By Christian Smith
Raila Odinga, the presidential candidate for NASA and his running mate Kalonzo Musyoka have withdrawn from the October 26 re-election, citing “illegalities.”
Mr Odinga, whose legal challenge led the Court to nullify the August 8 elections noted that proponents of an election without reforms are saying “bora uchaguzi” (any election will do).
But, he stated that his party was “calling for “uchaguzi bora (a credible election).”
In a statement, the opposition leader said: “On August 8 Kenyans voted in the 6th election since the return to multiparty politics in 1992—the political reform we call the Second Liberation. As is customary, voting went smoothly. But when it came to tallying and transmission of results, everything that could go wrong did go wrong. It became the first presidential election in Africa to be annulled by the court, and only the fourth in the world.
“In the aftermath, the annulment has plunged the country into uncharted waters. That was to be expected. What we would not have expected is that the country’s leadership would be divided by a fundamental tenet of democracy, namely free and fair elections.
“We at Nasa have insisted that the fresh election ordered be held to the standard ordered by the Supreme Court, that is, in strict conformity with the Constitution and written law. We have provided a checklist of what we deem to be the “irreducible minimum” changes required to ensure compliance.
“The validity of the checklist of the requirements for free and fair elections proposed by Nasa has not been disputed by anyone, not by the IEBC, not by Jubilee or other actors and observers. The EU Observer Mission recommendations are in conformity with our ‘irreducible minimum.”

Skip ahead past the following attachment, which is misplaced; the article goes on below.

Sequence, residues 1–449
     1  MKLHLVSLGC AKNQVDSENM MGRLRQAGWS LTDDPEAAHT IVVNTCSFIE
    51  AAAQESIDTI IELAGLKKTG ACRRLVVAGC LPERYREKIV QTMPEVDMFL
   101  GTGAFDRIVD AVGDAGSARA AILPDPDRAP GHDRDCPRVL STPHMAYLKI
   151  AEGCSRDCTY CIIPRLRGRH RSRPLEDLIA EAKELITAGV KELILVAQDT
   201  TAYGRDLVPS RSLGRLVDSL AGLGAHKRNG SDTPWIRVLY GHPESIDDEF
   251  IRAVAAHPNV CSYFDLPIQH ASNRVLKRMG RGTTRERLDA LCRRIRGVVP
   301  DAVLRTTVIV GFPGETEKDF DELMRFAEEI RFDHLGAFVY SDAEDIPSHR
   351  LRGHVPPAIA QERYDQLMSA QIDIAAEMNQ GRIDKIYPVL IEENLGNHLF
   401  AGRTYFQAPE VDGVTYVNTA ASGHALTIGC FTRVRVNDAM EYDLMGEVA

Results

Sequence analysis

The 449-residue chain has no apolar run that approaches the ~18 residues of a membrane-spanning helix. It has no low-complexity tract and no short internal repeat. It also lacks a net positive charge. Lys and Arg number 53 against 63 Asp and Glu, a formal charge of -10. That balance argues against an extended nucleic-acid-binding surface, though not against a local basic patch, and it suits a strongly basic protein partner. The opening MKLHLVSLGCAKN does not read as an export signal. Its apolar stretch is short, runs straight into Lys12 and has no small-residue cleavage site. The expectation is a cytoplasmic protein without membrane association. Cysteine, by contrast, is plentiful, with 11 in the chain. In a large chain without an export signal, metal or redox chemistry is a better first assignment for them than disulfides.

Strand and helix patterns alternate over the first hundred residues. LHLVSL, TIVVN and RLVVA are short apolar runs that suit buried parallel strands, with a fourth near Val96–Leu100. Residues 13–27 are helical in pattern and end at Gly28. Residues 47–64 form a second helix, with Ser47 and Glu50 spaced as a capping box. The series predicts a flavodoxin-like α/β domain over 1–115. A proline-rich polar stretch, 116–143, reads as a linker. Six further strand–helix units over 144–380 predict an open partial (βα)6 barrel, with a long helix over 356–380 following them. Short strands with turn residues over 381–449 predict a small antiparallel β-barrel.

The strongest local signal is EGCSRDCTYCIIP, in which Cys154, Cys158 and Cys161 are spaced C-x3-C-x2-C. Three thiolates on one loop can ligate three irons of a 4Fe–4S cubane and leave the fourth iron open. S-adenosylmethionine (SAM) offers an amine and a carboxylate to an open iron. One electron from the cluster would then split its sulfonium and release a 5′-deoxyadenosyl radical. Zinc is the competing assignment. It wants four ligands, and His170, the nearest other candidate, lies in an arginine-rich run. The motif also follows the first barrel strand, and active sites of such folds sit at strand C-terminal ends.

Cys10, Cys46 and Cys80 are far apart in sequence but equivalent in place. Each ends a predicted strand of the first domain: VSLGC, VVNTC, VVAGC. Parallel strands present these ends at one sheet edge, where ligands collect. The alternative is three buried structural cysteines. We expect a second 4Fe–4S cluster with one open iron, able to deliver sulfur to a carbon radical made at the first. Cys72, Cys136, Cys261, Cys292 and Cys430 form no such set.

“Instead, the case for proceeding with the fresh election on 26 October without these changes is being made on the grounds of time constraints. Jubilee and the other proponents of an election without reforms are saying “bora uchaguzi” (any election will do). But we in Nasa are calling for “uchaguzi bora” (a credible election).
Mr Odinga, 72 argued that “in a constitutional democracy, we should not be debating about a free and fair election, or compliance with court orders, or accountability for breach of public trust. We should have been working together to ensure that we uphold these values as they are not only our national values but are also the foundations of a credible electoral system.”
He explained that: “the IEBC has stonewalled meaningful deliberations on the necessary reforms to ensure that the elections of 26th October are free and fair. It has wasted valuable time engaging in public relations exercises intended to create the illusion of motion without any movement.
“We have come to the conclusion that there is no intention on the part of the IEBC to undertake any changes to its operations and personnel to ensure that the “illegalities and irregularities” that led to the invalidation of the 8th August poll do not happen again. All indications are that the election scheduled for 26 October will be worse than the previous one.”
The 72-year-old who served as the second Prime Minister of Kenya from 2008 to 2013 and Leader of the Opposition since 2013, has called for Kenyans to boycott the elections, using the slogan “no reform, no elections.”
In response, President Uhuru Kenyatta says the election would go ahead as scheduled, even if his opponent’s name does not appear on the ballot.